VIEWS: 10 PAGES: 13 CATEGORY: Humanities POSTED ON: 5/27/2010
While many collections included airs taken from theatre pieces, art songs, even oratorio or operatic arias, the repertoire was dominated by ballads - essentially lyrical, unsophisticated strophic settings of sentimental verses, often pastoral in character, and for the most part in a simple binary form. The prevailing climate may be summarised in the words of Ambrose Thomas, a contemporary poet, in his prefatory essay to a song-text collection: 'Every pert young fellow that has a roving fancy, and the least jingle of verse in his head, sets up for a writer of songs, and resolves to immortalize his bottle, or his mistress.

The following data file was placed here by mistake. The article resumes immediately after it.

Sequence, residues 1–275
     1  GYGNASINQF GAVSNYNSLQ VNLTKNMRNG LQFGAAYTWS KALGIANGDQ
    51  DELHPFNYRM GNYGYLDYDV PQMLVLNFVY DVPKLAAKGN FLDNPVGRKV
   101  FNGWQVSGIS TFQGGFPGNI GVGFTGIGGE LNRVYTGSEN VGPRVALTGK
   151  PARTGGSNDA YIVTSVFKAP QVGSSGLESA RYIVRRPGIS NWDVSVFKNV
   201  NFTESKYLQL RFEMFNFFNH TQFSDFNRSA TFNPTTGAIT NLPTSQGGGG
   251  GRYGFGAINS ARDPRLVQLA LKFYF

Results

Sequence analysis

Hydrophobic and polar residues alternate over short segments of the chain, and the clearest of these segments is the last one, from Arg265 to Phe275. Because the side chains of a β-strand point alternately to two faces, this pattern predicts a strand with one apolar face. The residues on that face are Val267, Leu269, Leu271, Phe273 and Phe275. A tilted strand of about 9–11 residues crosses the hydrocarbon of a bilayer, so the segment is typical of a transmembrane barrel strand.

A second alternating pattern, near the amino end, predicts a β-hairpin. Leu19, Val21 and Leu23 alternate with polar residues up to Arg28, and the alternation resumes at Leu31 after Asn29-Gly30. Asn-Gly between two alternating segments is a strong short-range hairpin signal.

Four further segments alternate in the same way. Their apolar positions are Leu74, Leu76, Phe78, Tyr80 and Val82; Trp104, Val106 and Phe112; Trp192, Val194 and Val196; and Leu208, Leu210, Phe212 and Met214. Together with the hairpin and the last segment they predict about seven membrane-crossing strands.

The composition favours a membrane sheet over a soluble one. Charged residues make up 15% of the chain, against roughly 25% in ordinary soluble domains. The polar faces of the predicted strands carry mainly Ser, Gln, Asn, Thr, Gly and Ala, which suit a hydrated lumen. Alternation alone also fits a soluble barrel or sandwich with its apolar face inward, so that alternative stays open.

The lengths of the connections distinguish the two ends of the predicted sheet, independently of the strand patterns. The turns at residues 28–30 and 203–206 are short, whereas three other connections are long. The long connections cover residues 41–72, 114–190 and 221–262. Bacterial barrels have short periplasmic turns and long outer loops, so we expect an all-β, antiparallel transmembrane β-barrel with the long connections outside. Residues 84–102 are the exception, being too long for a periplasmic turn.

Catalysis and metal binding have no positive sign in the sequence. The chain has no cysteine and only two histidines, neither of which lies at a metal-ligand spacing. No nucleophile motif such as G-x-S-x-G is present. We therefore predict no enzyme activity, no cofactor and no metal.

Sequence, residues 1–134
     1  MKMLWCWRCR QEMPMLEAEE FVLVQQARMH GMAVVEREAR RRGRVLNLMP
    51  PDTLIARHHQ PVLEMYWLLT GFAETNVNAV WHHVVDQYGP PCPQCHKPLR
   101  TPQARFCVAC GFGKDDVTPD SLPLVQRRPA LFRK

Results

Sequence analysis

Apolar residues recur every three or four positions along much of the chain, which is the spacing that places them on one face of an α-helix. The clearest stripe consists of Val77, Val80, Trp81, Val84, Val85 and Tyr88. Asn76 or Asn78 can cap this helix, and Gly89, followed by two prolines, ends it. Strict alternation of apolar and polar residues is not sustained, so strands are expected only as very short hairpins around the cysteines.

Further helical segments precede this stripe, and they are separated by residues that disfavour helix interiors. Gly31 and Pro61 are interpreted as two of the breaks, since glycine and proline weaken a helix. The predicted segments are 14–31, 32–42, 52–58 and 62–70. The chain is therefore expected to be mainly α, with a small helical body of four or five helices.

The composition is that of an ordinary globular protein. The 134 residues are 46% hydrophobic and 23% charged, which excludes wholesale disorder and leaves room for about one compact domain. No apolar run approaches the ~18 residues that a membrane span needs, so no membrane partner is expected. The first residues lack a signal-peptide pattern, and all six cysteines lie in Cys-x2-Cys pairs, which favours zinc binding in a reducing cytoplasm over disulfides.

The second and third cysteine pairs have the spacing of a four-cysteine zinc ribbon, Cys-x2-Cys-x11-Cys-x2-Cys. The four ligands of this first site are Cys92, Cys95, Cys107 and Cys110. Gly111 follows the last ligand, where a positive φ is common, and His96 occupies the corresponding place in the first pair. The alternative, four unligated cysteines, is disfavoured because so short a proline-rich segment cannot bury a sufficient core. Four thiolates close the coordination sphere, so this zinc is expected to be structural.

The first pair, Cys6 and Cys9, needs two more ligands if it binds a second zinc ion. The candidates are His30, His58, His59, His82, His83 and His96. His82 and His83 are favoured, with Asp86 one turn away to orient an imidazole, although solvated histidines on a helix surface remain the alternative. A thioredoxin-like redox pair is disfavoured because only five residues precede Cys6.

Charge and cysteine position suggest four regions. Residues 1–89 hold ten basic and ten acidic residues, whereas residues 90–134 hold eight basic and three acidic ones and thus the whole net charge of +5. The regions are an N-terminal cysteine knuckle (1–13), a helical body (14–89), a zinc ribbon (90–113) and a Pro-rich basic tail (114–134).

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"Thomas Philips, Lord Chesterfield and the enigma of a popular 18th-century ballad by William Boyce: a new conspiracy theory"Please download to view full document